March 26 (Bloomberg) -- Ireland’s National Asset Management Agency, created in 2009 to cleanse the country’s banks of risky real-estate, raised 2.7 billion euros ($3.6 billion) from divestments through September, Finance Minister Michael Noonan said.
NAMA booked a gain of 132 million euros on the sales, reflecting profit on the disposal of loans and excess cash recovered on the sale of collateral, Noonan said in written answers to lawmakers’ questions dated March 22 and posted on the Irish Parliament’s website. NAMA doesn’t record profits when it sells properties unless the amount raised is more than the borrower’s total loans, Noonan said.
“Proceeds from the sale of assets includes the sale of property collateral related to loans acquired by NAMA and the sale of acquired loans to third parties,” Noonan said.
NAMA’s sales include 800 million euros of debt related to Maybourne Hotels Ltd., the London-based company that owns Claridge’s and the Connaught, to David and Frederick Barclay in September. One of the hotel company’s shareholders, Patrick McKillen, is suing the Barclays and their companies in a battle for control of the group, McKillen’s lawyer Philip Marshall said at a London High Court hearing on March 19.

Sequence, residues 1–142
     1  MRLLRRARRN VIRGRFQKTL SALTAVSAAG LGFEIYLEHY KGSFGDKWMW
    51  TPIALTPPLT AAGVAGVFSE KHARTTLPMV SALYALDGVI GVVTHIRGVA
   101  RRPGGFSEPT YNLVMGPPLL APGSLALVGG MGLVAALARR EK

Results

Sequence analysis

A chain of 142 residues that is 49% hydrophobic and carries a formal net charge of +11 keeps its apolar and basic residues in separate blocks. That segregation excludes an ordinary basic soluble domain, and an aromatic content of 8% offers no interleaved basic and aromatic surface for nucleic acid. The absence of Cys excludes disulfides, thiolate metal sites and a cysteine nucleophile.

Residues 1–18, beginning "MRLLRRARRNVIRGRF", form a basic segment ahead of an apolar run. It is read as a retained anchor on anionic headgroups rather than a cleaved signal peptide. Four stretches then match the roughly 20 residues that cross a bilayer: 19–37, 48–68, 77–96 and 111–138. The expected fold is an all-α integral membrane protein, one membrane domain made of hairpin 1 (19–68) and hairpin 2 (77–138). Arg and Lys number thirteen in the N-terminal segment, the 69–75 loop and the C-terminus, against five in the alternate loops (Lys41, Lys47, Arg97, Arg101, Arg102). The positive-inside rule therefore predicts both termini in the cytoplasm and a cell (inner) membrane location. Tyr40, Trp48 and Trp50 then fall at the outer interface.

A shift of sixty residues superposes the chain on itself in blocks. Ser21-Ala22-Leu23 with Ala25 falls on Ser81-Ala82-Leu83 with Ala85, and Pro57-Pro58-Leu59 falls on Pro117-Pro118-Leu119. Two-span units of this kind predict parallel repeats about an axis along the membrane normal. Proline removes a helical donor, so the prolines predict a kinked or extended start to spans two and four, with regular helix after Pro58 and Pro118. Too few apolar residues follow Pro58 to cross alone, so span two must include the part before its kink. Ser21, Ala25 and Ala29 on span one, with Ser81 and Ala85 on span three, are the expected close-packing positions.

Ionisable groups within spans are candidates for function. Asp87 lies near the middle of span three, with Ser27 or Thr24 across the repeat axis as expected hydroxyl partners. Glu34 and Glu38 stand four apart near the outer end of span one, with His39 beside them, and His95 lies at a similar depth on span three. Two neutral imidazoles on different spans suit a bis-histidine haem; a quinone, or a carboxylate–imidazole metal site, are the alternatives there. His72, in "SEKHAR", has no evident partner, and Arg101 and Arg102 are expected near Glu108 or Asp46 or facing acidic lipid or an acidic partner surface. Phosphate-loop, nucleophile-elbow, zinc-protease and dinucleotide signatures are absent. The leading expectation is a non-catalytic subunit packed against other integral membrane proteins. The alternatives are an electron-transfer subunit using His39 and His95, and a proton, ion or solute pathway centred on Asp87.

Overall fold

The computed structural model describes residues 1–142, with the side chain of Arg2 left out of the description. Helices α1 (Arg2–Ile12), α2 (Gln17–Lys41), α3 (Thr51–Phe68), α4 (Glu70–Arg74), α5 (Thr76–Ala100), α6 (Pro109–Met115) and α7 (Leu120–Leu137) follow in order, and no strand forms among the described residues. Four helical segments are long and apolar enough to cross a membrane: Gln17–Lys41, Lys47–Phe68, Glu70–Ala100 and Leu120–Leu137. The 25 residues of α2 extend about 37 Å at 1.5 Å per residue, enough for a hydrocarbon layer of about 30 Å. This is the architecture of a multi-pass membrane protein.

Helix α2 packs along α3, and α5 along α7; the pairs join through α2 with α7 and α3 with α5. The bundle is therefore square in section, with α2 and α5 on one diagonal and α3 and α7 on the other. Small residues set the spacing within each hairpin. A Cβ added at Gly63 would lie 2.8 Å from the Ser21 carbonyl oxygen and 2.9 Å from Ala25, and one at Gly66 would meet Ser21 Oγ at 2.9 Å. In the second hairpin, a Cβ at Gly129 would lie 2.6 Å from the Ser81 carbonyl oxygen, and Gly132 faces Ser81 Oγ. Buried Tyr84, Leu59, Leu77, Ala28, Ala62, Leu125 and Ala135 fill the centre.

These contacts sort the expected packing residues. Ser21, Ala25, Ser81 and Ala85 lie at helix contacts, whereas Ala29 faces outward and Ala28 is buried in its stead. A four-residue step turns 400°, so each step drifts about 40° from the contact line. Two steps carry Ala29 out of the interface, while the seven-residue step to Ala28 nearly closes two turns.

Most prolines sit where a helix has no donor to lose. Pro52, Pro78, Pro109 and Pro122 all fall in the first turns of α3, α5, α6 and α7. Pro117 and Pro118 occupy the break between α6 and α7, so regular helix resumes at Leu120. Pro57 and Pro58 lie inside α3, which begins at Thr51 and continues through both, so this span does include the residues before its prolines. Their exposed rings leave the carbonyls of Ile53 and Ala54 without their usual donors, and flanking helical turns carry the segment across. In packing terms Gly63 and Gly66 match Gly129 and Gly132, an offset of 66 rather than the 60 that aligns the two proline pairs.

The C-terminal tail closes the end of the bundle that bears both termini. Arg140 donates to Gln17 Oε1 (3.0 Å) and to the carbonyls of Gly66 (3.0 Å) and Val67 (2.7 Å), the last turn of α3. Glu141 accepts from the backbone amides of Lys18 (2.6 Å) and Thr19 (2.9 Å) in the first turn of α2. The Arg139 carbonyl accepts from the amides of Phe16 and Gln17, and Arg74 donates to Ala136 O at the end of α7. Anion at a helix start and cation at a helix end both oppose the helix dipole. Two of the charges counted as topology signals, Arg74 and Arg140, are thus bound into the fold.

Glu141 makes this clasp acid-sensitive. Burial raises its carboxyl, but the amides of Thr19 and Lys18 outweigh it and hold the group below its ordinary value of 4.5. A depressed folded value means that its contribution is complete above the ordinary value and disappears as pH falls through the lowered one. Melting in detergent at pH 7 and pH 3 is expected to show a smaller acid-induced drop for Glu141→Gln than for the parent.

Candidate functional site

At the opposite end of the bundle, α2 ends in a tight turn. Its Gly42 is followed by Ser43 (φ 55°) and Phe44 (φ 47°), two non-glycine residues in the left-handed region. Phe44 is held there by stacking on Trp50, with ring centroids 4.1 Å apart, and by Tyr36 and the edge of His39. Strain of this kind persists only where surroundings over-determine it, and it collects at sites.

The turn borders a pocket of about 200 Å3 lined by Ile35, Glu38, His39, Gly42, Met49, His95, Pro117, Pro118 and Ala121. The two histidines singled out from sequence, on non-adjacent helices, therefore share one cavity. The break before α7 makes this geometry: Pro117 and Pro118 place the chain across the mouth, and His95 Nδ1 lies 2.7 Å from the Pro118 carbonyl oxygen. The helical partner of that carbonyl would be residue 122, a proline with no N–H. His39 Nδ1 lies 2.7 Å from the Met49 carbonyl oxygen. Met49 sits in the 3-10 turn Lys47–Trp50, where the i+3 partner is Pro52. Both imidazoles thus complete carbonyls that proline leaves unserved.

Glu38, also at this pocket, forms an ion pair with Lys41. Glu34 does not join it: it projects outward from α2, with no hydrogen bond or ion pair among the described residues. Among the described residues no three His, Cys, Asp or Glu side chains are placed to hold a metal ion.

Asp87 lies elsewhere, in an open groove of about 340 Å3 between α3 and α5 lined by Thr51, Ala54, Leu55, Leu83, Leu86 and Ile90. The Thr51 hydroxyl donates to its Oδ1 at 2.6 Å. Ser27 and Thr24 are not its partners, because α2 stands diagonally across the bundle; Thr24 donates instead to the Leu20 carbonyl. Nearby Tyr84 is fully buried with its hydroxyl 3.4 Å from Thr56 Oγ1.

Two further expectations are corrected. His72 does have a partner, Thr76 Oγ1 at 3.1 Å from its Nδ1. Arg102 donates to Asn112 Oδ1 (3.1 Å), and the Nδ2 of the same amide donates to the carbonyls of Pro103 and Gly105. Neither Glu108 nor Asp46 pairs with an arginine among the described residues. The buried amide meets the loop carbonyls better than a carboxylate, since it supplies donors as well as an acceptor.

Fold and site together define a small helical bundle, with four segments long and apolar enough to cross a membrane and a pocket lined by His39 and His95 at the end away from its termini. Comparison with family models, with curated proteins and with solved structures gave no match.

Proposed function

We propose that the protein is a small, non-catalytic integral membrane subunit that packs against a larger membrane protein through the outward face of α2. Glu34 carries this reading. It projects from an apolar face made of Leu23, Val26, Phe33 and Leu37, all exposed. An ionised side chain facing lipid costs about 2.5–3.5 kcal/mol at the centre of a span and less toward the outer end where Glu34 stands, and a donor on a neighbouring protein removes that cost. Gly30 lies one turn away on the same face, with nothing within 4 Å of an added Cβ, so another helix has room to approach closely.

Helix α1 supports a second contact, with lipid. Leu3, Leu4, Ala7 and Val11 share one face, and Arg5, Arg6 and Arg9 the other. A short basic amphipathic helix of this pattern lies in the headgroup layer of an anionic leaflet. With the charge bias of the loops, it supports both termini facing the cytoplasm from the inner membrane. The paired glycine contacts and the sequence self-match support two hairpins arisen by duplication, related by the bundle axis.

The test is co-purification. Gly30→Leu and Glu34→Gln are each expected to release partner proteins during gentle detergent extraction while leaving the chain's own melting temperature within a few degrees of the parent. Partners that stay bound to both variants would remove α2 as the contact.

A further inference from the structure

The Dublin-based asset manager must sell 9 billion euros of property loans and real estate to meet a 7.5 billion-euro debt-repayment goal by the end of 2013, Chief Executive Officer Brendan McDonagh said in an October interview.
A spokesman for NAMA couldn’t immediately be reached for comment.
Irish home prices fell 2.2 percent in February from January, matching the biggest decline in almost three years, the country’s statistics office said today. Prices fell 17.8 percent from a year earlier. Home prices nationally have fallen 49 percent from their peak in 2007, with Dublin prices down 57 percent, according to the Cork-based agency.
“Excess supply in the market, credit restrictions, and, uncertainty about the economic outlook suggest Irish house prices have further to fall,” said Conall Mac Coille, chief economist at Dublin-based securities firm Davy. “Irish house prices will continue to decline, eventually to a peak-to-trough fall of 65 percent to 70 percent.”
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